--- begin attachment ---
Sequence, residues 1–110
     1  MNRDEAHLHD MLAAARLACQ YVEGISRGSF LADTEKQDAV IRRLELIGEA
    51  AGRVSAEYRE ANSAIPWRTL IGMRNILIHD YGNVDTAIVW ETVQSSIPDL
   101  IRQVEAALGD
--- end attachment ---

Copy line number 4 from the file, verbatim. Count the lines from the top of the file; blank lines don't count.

   101  IRQVEAALGD